The researchers make specific recommendations for choices in carbohydrate, protein, fat and dairy products.


    • It’s not so much the amount of carbs one consumes, but the type. There are fast carbs (bad) and slow carbs (good). Fast carbs, those that are easily digested and ever so tasty–like white bread, potatoes, sugared sodas and baked goods–cause blood sugar levels and insulin levels to rise quickly, and thus adversely affect the hormonal milieu favorable to ovulation. Other fast carbs include cold breakfast cereals and white rice. Slow carbs, which are rich in fiber, are associated with improved ovulation. If you’re looking for a slow carb meal, shop for brown rice, pasta ,beans, vegetables, whole fruits and dark bread. The total amount of carbohydrate in the diet was not associated with infertility.


    • Ovulatory problems were associated with increased consumption of trans fats, while improved fertility was associated with monounsaturated fats. Unfortunately, we find trans fats in America’s favorite food, French fries, as well as in other goodies like candy bars, doughnuts and other baked goods. Good fats are found in olive oil.


    • In a nutshell, it is better to get more protein from plants than animals. So rather than relying on red meat, pork, turkey or chicken for one’s protein intake; it may be wise to increase consumption of beans, peas, tofu, peanuts or soybeans.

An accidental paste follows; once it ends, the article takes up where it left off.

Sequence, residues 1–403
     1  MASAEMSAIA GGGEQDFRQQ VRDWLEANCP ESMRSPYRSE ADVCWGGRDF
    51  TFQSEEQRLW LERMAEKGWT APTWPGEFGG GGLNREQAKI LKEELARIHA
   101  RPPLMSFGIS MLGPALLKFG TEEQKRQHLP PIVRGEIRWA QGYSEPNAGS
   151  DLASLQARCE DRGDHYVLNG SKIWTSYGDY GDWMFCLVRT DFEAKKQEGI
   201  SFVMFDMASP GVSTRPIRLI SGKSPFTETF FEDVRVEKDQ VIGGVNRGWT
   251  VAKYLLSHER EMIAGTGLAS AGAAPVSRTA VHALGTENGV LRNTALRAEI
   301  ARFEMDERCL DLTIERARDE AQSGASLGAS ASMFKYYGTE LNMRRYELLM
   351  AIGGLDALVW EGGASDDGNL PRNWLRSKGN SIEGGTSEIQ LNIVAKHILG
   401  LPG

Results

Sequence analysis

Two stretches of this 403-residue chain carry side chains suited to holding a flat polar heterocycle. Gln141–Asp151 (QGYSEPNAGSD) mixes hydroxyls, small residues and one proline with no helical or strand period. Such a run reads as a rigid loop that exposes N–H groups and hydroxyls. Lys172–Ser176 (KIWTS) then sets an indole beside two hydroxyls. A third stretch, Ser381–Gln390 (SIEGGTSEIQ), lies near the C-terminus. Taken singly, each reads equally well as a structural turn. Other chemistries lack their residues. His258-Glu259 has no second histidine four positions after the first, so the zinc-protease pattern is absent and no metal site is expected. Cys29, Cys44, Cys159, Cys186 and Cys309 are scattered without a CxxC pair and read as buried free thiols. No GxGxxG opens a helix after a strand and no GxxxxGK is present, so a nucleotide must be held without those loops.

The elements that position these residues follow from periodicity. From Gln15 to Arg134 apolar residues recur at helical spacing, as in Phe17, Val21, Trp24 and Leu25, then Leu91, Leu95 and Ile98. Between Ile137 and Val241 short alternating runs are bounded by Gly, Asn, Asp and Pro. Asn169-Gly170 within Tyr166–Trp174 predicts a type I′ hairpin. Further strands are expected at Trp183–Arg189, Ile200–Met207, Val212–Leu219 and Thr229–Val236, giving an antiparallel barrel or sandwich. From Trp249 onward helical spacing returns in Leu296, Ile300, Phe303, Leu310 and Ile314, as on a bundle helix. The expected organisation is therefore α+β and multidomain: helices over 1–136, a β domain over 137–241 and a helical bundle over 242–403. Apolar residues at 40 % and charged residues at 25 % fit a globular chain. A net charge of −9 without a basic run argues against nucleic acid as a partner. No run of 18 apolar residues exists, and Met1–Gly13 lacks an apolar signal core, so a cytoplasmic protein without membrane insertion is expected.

• This was the big surprise. As reported in a recent issue of “Newsweek,” a daily serving or two of whole milk and foods made from whole milk–full-fat yogurt, cottage cheese, and yes, even ice cream–seem to offer some protection against ovulatory infertility, while skim and low-fat milk do the opposite….The more low-fat dairy products in a woman’s diet, the more likely she was to have had trouble getting pregnant. The more full-fat dairy products in a woman’s diet, the less likely she was to have had problems getting pregnant.”

Although the findings of Nurse’s study are intriguing, they only prove an association of diet and fertility, not a cause. The gold standard of medical research is the prospective, randomized trial, not an observational study like this one. To conclusively prove that diet affects fertility, the researchers would have to randomly assign a large number of childbearing-age women, who also were actively trying to get pregnant to two groups: one following a special diet, the other a regular diet. The researchers in the Harvard study failed to reach that standard.

Mountain Medical Physician Specialists is a partnership of over 50 board-certified radiology and vascular professionals providing patients along the Northern Wasatch Front with the latest imaging and vascular care available. Mountain Medical professionals specialize in vascular surgery, vascular and interventional radiology, CT, neuroradiology, orthopedic imaging, MRI, women’s imaging, ultrasound, nuclear medicine and body imaging. For more information visit